Gisela Hausmann had a new perspective on Amazon when she started working in 2019 as a frontline employee at one of the company’s many sourcing centers in South Carolina.
A resident of Vienna, Austria, she had years of expertise as a logistics specialist, thetrade bottom-up at FedEx and deal with a serious ocean freight delivery company. She has also been following Amazon closely for a few years as an impartial writer using her platforms to publish books.
To say that she thought extremely about Amazon and its founder Jeff Bezos might be an understatement. Based primarily on her expertise as a first writer on the Kindle and CreateSpace platforms, she particularly admired Amazon’s impression of publishing.
“I noticed that they were doing the things that [authors] hardly dreamed of, because it was so stunning no one even hoped it would happen – so Bezos did! said Hausmann. “He was a god in my eyes. I call him the brand new Gutenberg.
Working at Amazon Supply Station didn’t give him the same feeling.
As she explains, the work itself wasn’t the problem. After mastering things in her parcel storage job, she was able to exceed Amazon’s productivity benchmarks. She didn’t see or generally didn’t notice any issues in Amazon warehouses, looking like staff skipping bathroom breaks to stay in shape.
However, she was shocked by what she describes as lackluster coaching, a paucity of clear best practices, an obvious inability to fit well-meaning workers into operational improvements, and a general disconnect between Amazon’s business rules. and the realities of its rapid growth. supply community.
After 468 days, Hausmann decided to leave due to what she described as a buildup of frustrations.
She says she hadn’t decided to grade a book when she started labor. Her most important goal was to perfect her method within the logistics division of an organization she admires. However, she changed her thoughts after realizing that her first-hand expertise, mixed with her experience, can present distinctive and undoubtedly useful ideas for those within the firm.
His eBook, Inside Amazon: my story, contains concepts for Amazon, which she hopes could entice Amazon executives as they strive to uphold the company’s newest management precept of striving to be ” the best employer on earth ”.
Here is a summary of 5 of his ideas:
- Develop a world-class coaching program, with rigorous agreement with best practices to ensure that everyone seems to be doing each job in the easiest way recognized by the company.
- Research to determine the employees who need to build sustainable careers in the company, those who see it as more than just a job, take care of the improvement of their skills and promote the perfection of them, at the instead of focusing totally on the school’s younger graduates who, according to the US Bureau of Labor Statistics, will change jobs after just 2 years eight.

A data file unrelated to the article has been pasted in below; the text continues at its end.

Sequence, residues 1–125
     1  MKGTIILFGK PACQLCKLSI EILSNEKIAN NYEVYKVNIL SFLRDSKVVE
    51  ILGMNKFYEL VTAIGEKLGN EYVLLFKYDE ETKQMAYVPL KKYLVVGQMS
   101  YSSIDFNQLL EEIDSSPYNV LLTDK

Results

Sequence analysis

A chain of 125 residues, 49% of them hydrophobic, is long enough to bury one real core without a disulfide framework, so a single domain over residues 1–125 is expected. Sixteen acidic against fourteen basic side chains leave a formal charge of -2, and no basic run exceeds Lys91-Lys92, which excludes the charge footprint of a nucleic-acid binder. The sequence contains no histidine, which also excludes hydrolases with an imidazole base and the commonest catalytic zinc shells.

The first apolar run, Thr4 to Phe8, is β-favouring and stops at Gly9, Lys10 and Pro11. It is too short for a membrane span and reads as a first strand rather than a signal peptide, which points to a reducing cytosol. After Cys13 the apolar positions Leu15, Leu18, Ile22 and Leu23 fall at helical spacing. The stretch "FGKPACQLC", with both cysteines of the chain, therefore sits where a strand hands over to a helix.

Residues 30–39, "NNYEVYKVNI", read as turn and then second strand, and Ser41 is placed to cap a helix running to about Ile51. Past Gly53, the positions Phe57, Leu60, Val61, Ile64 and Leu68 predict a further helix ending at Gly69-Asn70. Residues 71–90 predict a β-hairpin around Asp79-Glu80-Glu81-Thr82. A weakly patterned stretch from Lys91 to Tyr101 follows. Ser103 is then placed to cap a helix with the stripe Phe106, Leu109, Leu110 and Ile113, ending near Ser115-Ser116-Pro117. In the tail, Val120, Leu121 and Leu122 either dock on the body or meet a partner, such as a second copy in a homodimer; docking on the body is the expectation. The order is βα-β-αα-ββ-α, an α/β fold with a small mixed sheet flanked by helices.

- Implement clear practices and procedures to receive, evaluate and implement worker suggestions for operational improvements, down to the smallest detail.
- Adapt or supplement management rules and company mantras with additional ideas related to frontline staff. Amazon sayings like “It’s always the first day” and “Exhausting work, have fun, make a historic past” might encourage people into an inventive work atmosphere, but they will fall flat in service industries. , becoming the subject of jokes and a source of frustration.
- Amazon may have offered free Prime memberships to staff as a reward for the pandemic, holding them as heroes and producing goodwill among the many employees, making them more likely to stand up for Amazon from their communities as ambassadors of goodwill of the company.
However, can Amazon really turn out to be the biggest employer on Earth? Hausmann, who is nonetheless a fan of the company, is “100% sure” that this could be the case.
“They will be on my pedestal at all times,” she said. “However, I could hope they reside as much as they say about themselves and what they will do. And if they eventually figure out how nice the logistics will be, or if they charge people who see this, then they’ll get there.
Hausmann talks about his experiences and observations on this episode of Day 2, GeekWire’s podcast on all things Amazon.
Listen to day 2 above and subscribe in any podcast app.